how temporally and spatially circumscribed meanings of race and ethnicity
intersect with semiotics of language use and visual culture, and the ways
these are vetted between entities and produced and circulated through
media. I use the concept to focus on the actual assembling that happens
in the advertising process, beginning with how certain types of politically
informed demographic data collected by the U.S. Census are used to justify
the creation of certain types of marketing efforts, like multicultural mar-
keting; how these inform planning and strategy of an ad campaign; and the
way a particular ad looks, sounds, and feels.12
While most formulations of assemblage do not attend explicitly to lan-
guage, at least not beyond referential meanings, I would like to extend as-
semblage to bring together different levels of signification. Assemblages
also allow me to examine finer aspects of advertising messages vis-­à-­vis
bodies, sound, and affect that are all carefully selected, vetted, and final-
ized and how ethnoracial difference is managed in media contexts toward
the end of profitability. My approach is semiotic, giving attention to both

12 • I N T R O D U C T I O N
the linguistic and the material dimensions of the advertising process. Jil-
lian Cavanaugh and I have termed this emergent field language materiality
to draw attention to the material in linguistic signification, a dimension
that had been somewhat overlooked in discussions of language and con-
text, political economy, and language ideology.13 Elsewhere I have looked at
the power of commodities as they interact with narrative and their shift-
ing social meanings as they circulate, as well as at broader intersections
between language and materiality, with special attention to authenticity
and value.14 By materiality I mean the properties of ads beyond language or
the commodities they may feature. I am interested in sound and substrate,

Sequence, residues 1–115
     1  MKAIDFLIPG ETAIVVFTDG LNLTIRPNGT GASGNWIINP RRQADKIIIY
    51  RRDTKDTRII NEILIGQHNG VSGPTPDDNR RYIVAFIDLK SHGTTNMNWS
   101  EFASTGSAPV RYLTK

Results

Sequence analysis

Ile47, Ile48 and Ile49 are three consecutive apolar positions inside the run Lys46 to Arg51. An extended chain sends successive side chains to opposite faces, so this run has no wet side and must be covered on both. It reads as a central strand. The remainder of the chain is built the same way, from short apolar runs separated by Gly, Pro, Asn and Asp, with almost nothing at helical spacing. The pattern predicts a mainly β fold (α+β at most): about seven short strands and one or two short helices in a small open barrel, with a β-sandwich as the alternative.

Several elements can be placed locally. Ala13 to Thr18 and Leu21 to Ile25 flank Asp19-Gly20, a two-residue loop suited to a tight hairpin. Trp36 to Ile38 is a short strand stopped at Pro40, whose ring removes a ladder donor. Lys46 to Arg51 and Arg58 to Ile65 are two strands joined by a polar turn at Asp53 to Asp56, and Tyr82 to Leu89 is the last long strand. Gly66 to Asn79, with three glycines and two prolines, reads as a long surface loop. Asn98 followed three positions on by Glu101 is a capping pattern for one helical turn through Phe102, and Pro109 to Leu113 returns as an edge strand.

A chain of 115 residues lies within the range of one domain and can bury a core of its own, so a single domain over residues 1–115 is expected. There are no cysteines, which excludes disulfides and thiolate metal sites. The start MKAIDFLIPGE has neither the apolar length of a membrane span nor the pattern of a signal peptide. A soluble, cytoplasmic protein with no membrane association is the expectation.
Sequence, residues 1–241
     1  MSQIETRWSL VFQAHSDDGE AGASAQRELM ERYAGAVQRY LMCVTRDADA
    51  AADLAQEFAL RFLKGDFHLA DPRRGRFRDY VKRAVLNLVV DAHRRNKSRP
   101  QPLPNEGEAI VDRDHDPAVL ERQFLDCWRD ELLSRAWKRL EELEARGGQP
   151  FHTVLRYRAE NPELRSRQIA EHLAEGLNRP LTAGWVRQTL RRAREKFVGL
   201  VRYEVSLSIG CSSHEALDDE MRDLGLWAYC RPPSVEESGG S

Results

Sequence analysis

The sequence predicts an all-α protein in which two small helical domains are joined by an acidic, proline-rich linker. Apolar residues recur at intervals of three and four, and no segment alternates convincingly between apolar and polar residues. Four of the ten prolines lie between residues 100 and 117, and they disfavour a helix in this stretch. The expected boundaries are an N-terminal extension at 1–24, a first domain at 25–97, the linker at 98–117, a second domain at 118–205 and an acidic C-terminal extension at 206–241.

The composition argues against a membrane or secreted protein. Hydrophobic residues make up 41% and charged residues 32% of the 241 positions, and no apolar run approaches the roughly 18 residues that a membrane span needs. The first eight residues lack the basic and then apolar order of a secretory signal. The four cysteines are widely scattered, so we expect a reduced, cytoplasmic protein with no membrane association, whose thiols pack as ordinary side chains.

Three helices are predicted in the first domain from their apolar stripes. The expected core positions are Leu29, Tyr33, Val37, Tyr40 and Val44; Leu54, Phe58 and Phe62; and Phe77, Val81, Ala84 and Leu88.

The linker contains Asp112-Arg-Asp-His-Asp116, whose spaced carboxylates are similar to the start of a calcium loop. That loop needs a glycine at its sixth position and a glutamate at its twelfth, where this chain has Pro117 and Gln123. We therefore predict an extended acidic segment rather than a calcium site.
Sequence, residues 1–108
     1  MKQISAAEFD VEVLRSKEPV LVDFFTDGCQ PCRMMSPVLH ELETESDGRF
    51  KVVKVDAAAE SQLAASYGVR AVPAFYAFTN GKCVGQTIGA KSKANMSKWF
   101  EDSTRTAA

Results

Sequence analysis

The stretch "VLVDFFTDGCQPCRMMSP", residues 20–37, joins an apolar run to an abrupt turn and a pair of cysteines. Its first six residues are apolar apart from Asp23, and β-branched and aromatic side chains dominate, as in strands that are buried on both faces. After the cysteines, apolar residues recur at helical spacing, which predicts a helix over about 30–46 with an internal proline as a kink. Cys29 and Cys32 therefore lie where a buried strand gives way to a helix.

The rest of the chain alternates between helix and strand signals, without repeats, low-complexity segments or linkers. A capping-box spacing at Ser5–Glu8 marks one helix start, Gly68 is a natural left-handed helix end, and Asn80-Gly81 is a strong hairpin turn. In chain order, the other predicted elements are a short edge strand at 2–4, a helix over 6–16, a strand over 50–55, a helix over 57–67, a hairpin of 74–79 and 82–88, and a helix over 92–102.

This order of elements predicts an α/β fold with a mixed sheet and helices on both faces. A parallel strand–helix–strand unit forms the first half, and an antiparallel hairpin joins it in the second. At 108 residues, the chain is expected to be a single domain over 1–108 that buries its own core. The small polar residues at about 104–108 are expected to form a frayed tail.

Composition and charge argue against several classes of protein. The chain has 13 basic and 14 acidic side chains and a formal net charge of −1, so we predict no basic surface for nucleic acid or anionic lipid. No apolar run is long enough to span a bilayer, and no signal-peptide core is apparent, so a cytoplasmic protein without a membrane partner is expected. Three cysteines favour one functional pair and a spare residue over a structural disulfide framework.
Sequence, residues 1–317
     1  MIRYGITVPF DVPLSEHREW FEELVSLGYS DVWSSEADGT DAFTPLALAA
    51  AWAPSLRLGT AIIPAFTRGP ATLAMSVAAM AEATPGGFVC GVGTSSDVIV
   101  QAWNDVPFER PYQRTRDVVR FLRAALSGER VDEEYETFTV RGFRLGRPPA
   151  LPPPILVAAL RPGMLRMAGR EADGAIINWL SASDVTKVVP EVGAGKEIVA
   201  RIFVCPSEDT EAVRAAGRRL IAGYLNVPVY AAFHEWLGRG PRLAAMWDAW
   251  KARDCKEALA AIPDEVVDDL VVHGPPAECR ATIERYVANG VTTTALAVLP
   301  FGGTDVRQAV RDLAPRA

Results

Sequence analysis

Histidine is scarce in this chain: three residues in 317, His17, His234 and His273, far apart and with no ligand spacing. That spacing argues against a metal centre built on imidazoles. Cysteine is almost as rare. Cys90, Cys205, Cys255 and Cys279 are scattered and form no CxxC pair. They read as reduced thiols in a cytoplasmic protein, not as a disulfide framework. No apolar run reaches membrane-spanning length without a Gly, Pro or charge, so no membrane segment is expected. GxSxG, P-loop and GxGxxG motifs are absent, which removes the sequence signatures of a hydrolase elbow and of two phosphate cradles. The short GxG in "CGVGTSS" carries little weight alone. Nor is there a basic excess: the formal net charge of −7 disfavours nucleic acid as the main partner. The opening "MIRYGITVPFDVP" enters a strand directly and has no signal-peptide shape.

in thinking how elements interact as qualities and properties to assemble
into something social that would index diversity. In other words, I do not
want to reduce my concern with materiality to a reification of ourselves as
“subject, social relations, or society,” as Daniel Miller has cautioned.15 This
will be carried out in a number of ways, including explorations of linguis-
tic materiality, or considering language in the same frame as the material
dimensions of advertising, such as how language and culture are objecti-
fied, how language takes on material qualities in advertisements, and the
ways metalevel creative and production activities enable particular types
of semiotic work. These concepts allow me to bring to life this material and
discursive world and enable me to more fully illustrate contests of exper-
tise, authenticity, and ethnoracial assemblages.
Thus my agenda for using the concept of assemblage is threefold: first,
to demonstrate spatial, temporal, and semiotic contingency in ways that
historicize and make politically relevant the cultural and linguistic ideolo-
gies that underpin advertising development and production; second, to
investigate modes of production and questions of circulation, including
the politics of creative concepts, trademark, ownership, and reinscription;
third, because reception is not limited to any one semiotic plane, to con-